And You Call Yourself a Film Buff?! – The Sixth Sense

The Sixth Sense

Written by Alex Gibson on . Posted in Blogs

By Gary Kafer

Even for someone who never saw M. Night Shyamalan’s 1999 masterpiece in theaters or kept up interest with the director’s career, Cole Sear’s iconic line, “I see dead people” (whispered by a haunting Haley Joel Osment), has become a landmark for contemporary supernatural dramas. However, the film always remained on the periphery of my cinephile radar, ironically for the very reason it was such a success when it debuted – its twist ending.

And You Call Yourself a Film Buff?! – Dazed and Confused

dazed-and-confused

Written by Alex Gibson on . Posted in Blogs

BY Fletcher Gelber

Once in a while, a film comes along that makes you not only question your position as a film buff, but also question your entire generation. This event came to pass when I recently watched the cult classic Dazed and Confused, a film that follows groups of high school seniors and upcoming freshman on their last day of school/first day of summer in the year 1976. There are two unwavering facts that I am completely sure of after watching this film — Dazed and Confused is one of the greatest films ever made, and my parents had it much, much better.

And You Call Yourself a Film Buff?! – The Breakfast Club

the breakfast club

Written by Alex Gibson on . Posted in Blogs, Uncategorized

BY Will Torrence

To be honest, the reason I haven’t seen The Breakfast Club was probably because of the plot. Watching a movie about five high school students surviving a Saturday detention didn’t really sound that appealing to me. I mean — I have had my fair share of detentions, so why would I want to watch a whole movie about one? It just wasn’t a movie I was excited to experience. But I sat back, made sure I had enough paper for doodling and prepared myself for a 9 hour Saturday detention!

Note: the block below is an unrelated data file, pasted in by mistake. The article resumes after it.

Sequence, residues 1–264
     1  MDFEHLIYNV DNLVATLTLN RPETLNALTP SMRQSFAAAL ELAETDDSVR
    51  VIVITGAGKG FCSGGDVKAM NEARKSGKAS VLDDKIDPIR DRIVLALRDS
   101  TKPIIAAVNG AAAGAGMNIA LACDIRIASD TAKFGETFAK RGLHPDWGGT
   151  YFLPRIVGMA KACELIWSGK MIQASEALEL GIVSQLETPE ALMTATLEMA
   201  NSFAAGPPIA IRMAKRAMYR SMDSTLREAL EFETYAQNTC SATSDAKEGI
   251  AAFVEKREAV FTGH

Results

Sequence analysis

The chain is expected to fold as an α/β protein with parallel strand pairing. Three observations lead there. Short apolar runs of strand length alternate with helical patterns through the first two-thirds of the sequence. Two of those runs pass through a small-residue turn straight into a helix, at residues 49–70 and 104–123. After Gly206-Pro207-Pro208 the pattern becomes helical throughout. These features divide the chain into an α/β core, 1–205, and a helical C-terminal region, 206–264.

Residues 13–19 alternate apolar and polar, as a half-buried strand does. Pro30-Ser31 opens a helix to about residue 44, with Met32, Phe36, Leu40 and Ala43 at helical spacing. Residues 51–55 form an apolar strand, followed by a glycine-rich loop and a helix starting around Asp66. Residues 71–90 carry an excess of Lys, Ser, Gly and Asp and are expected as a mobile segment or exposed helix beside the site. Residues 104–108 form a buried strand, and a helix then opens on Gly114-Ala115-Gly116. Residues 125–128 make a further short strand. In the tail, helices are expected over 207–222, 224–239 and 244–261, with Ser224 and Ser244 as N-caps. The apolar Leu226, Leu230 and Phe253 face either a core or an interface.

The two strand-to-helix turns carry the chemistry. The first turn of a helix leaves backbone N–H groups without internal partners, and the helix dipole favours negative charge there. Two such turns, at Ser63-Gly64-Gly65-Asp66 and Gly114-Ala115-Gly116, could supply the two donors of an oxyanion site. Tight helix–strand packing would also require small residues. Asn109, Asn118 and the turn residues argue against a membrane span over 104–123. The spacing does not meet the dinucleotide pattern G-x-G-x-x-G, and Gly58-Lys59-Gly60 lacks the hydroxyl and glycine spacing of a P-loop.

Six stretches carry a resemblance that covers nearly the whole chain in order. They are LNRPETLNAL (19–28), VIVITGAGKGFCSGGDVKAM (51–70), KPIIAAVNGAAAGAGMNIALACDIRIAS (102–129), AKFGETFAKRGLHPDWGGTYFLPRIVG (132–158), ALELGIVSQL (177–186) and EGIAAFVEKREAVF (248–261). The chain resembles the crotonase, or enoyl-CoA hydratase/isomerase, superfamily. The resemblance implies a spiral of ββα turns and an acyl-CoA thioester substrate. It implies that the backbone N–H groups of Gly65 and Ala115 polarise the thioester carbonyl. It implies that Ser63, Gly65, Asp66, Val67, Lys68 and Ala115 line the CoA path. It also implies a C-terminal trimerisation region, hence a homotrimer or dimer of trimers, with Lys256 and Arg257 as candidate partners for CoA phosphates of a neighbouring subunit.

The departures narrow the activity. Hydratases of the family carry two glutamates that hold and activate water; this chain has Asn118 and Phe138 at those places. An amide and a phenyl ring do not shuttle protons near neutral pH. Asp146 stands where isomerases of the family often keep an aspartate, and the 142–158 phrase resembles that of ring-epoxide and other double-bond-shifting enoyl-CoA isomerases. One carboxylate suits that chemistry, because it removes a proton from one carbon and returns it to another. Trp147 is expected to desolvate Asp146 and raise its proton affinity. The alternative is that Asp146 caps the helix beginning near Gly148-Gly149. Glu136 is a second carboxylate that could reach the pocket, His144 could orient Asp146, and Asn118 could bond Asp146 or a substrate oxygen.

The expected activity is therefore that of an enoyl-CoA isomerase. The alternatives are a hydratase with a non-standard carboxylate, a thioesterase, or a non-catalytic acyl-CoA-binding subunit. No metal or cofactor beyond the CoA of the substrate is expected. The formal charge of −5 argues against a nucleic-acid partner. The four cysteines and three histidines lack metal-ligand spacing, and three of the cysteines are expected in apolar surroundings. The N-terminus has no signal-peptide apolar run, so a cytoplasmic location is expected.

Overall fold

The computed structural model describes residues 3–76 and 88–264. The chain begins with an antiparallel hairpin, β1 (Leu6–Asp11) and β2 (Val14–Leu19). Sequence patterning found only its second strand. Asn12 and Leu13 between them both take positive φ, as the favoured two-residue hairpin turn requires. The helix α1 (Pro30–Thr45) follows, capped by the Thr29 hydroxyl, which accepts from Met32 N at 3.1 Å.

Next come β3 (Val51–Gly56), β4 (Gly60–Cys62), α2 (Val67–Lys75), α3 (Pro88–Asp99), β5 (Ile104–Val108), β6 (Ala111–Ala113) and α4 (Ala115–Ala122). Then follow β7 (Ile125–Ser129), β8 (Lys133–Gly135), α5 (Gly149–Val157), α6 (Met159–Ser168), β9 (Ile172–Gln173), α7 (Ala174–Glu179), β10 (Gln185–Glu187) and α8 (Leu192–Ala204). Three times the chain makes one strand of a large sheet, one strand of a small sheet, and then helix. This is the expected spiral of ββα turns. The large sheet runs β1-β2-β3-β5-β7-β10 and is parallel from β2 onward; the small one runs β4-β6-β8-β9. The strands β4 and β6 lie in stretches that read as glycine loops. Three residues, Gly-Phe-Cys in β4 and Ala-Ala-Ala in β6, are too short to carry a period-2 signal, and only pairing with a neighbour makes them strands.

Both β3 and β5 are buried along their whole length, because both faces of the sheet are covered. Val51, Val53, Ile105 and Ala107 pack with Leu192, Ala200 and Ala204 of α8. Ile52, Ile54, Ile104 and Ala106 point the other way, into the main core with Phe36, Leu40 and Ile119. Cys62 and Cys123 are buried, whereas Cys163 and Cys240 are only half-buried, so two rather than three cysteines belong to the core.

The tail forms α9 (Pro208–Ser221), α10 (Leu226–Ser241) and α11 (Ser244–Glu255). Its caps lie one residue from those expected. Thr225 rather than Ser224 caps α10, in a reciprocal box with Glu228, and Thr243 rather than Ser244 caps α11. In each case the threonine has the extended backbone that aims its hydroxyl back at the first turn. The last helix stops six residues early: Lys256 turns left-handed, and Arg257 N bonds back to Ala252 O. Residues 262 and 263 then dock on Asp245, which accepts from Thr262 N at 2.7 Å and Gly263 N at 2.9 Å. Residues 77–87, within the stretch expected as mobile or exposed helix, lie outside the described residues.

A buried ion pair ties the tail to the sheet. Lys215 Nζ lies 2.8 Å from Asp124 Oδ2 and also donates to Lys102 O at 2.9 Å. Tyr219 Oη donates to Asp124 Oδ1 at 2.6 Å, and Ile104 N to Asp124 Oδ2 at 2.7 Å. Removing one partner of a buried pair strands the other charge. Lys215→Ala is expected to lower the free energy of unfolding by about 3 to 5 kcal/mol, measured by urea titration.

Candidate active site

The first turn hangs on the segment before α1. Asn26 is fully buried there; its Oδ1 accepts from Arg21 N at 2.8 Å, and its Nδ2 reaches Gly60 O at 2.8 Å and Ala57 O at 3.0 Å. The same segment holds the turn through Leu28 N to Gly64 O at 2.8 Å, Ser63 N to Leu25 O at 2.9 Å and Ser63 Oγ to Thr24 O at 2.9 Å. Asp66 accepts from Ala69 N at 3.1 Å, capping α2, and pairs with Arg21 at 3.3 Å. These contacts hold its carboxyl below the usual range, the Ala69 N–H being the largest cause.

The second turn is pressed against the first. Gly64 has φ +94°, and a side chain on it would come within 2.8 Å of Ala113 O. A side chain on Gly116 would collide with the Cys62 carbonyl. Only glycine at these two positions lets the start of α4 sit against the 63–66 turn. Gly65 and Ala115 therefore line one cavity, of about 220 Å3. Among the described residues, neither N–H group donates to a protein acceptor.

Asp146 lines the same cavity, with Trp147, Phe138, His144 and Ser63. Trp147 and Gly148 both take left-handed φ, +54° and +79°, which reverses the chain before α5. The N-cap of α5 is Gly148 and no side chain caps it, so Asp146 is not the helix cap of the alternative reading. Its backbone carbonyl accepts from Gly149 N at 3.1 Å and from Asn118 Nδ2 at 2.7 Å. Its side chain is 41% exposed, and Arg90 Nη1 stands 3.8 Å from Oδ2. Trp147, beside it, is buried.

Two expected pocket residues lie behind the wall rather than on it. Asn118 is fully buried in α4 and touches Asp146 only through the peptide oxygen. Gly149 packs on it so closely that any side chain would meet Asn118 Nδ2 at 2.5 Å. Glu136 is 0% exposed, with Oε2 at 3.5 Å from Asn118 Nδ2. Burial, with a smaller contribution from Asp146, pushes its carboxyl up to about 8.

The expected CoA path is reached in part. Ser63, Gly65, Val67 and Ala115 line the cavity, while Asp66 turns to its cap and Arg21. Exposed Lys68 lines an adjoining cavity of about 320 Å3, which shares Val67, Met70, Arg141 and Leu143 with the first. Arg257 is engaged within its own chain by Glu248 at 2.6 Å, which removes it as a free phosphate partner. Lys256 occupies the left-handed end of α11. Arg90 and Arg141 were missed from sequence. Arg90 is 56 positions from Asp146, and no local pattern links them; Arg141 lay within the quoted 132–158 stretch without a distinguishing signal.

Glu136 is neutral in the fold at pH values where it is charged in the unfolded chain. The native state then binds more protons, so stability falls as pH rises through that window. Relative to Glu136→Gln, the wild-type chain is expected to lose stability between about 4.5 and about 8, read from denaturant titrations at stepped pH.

Now first of all, the movie is not 9 hours. It’s actually only around 97 minutes, so don’t let that scare you away. The film is follows the classic stereotypes of students that inhabited every high school in 1985, the year in which the movie was made. The group consists of a brain (Anthony Michael Hall), an athlete (Emilio Esteves), a basket case (Ally Sheedy), a princess (Molly Ringwald), and a criminal (Judd Nelson). These characters appear to have nothing in common except the fact that they have to waste their Saturday in school.

And You Call Yourself a Film Buff?! – INDEPENDENCE DAY

ID4

Written by Alex Gibson on . Posted in Blogs

BY Will Torrence


With the Fourth of July on the horizon, I felt that this was a perfect time to finally see a movie I have heard so much about. To be honest, I am not sure why this movie has escaped me for so long. I remember it growing up, but I guess I never really had the opportunity to watch it. I simply can’t think of a better way to celebrate America’s independence other than watching a movie about earth’s independence — from aliens.

Independence Day follows three characters on their mission to save Earth and civilization from being wiped out by extraterrestrials. The film follows President Thomas J. Whitmore (Bill Pullman), fighter pilot Captain Steve Hiller (Will Smith), and scientist David Levinson (Jeff Goldblum) as they do their part in stopping the invasion. All of these storylines seem independent through the film, but end up connecting in a huge way.